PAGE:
Have you ever stopped to consider how much food you throw away in a week? In a month? It’s something I hadn’t really given much thought to until I had to buy my own groceries, and then I started thinking about how much money I might be wasting. If you are conscious of food waste in your household, you may also be familiar with its impact. If not, here is an opportunity to learn a bit more about food waste.
Why talk about food waste?
First, there can be significant environmental impact with food waste due to the methane it produces once it hits landfills. Greenhouse gases absorb radiation, thereby heating our atmosphere and causing climate change. Second, wasting food accounts for water waste due to the amount of water required to produce the food products. Finally, food waste also negatively affects biodiversity. In some cases, certain land is destroyed to make way for land used for food production. In other cases, fisheries affect the marine ecosystem due to unsustainable practice, leading to depletion in the population. (This is one reason the Common Market works with Seafood Watch—to ensure the fish products our customers purchase use sustainable practices, thereby decreasing the environmental impact.)
Aside from the environmental impact, why is this an important topic?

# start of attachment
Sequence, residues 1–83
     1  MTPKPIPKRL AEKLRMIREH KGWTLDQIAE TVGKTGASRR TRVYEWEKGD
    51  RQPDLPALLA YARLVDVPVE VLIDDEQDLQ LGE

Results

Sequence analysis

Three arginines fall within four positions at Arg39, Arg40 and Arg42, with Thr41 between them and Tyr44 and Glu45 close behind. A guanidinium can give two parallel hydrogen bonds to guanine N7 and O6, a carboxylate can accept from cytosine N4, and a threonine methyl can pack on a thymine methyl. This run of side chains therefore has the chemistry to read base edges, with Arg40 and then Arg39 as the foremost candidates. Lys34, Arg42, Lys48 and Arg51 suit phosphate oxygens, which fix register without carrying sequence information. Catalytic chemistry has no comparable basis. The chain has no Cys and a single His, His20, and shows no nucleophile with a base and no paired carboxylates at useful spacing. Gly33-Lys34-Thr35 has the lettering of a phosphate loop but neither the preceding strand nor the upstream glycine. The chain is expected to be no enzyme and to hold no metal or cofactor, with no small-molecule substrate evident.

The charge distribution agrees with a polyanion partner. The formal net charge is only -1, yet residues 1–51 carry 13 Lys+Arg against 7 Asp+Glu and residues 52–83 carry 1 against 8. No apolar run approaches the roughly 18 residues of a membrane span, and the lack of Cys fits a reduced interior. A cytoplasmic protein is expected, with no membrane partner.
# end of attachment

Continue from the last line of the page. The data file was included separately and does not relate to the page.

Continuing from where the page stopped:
Reducing food waste can save money, reduce the negative environmental impact, and support your community.
How can food waste be reduced?
If you’re concerned about household food waste, there are a few ways to reduce it.
- Plan meals
Planning meals means you are more likely to only buy food you will use in those meals—including the type product and amount of said product. You can buy non-perishables in bulk to have them on hand—especially if you will be using them frequently—but avoid buying perishables in bulk.
- Store Food the Right Way
Part of reducing food waste is knowing how to properly store food, especially perishables. You can freeze or preserve any extra fruit or vegetables.
- Prepare Foods as Soon as Possible
Don’t just throw your groceries into fridge when you get home. (I can’t be the only one guilty of this.) While you shouldn’t wash fruit before storage (the gases they can give off during ripening can cause quicker spoilage), you can wash and prepare (i.e. cut, chop, etc.) other foods and store them in storage containers in your fridge. Not only can this help with spoiling, but you will also have easy access to those foods for cooking or snacking. Convenient, right?
- Be Smart About Food Use
Yes, reducing food waste is all about being smart about how we use food. This also means looking at the food you already have before going grocery shopping. If you have ingredients you haven’t used, find new recipes. (I use Pinterest for recipe inspiration.) If some produce seems like it may be past its “prime,” you may still be able to use it for cooking. Soups and baked goods are great for this. (For instance, you can use overripe bananas—which would usually be thrown away—to make banana bread for a friend or colleagues.) Some products may even be able to be re-purposed–stale bread can be used to make croutons, and if you find a small spot of mold on cheese, simply cut away the mold and use the remainder of the cheese as normal.
What do you do to limit food waste?